Every May, there is a window of good weather near the summit of Mount Everest. During that time of lower winds and higher temps, adventuresome climbers can attempt to scale the peak. For many it is a once-in-a-lifetime achievement. This week, one Sherpa climber broke his own record for most successful Everest climbs. He's hoping his achievement gains attention for his people and his country.
Kami Rita reached the 29,035-foot summit on Wednesday morning. The climb was his 23rd—two more than his closest competitor. (See “In the Shadow of Everest” in WORLDteen.)
Rita, 49, first scaled Everest in 1994. He’s been making the trip nearly every year since. He is one of many Sherpa guides whose expertise is vital to the safety and success of hundreds of climbers who seek to stand on top of the world.
Before climbers reach the summit to take selfies announcing their success, there are months of hard work done by Sherpas. The Sherpas set up the camps, carry loads on their backs, cook food, and lug oxygen tanks. Perhaps most importantly, it is Sherpas who each year fix the ropes and ladders over crevasses and icefalls that make climbing safer for the climbers who will follow them.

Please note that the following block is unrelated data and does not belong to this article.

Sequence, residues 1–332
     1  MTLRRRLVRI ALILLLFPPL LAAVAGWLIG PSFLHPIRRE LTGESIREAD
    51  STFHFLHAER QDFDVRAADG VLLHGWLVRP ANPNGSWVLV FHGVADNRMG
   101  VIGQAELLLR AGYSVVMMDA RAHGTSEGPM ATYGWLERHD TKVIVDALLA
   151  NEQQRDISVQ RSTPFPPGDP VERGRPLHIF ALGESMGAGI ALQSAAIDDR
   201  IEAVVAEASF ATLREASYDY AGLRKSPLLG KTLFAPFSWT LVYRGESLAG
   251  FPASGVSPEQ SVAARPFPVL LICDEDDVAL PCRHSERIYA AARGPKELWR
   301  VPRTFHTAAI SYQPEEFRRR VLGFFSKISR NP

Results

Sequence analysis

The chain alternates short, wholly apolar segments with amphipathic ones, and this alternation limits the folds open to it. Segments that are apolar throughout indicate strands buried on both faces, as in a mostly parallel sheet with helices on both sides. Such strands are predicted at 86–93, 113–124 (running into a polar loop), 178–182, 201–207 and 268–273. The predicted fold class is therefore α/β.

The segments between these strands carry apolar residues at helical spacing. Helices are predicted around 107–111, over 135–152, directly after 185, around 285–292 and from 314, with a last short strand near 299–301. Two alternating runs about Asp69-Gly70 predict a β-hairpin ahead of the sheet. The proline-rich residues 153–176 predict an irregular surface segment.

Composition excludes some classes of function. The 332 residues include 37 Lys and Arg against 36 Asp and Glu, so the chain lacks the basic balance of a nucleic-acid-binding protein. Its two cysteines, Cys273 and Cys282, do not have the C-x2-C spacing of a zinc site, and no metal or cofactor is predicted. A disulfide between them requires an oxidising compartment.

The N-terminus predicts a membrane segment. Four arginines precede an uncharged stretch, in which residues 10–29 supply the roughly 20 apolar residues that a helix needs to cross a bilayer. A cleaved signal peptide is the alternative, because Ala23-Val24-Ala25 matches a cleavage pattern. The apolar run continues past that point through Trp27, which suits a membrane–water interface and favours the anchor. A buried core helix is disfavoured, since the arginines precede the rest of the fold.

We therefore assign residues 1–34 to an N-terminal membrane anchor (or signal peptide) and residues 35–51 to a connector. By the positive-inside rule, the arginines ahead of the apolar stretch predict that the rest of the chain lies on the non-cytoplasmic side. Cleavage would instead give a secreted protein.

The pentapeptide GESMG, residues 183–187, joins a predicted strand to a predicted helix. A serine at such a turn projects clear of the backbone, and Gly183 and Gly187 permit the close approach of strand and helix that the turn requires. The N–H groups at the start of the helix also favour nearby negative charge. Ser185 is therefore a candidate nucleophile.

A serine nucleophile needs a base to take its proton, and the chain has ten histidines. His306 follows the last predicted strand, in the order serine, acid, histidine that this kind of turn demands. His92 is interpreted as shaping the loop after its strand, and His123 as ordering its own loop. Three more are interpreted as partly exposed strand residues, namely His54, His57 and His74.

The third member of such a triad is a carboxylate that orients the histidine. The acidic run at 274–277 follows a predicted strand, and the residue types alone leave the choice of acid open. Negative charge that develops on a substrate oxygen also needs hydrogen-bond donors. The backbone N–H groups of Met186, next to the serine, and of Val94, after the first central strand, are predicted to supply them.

Again this year, a team of Sherpa guides reached Everest’s summit a day before the other climbers—setting up ropes and lines to make the passage safe for those who came behind.
Rita has been an advocate for other Sherpa guides, who he said do not get the recognition they are due. “When these climbers reach the summit, only their names are highlighted and nothing mentioned about the hard work done by the Sherpas,” Rita says.
Why does Rita keep climbing? “It is my profession, but at the same time I am setting new world record for Nepal too.”
(Kami Rita waves as he arrives in Kathmandu, Nepal. Rita has broken his own record for the most successful ascents of the world's highest peak. AP Photo/Niranjan Shrestha, File)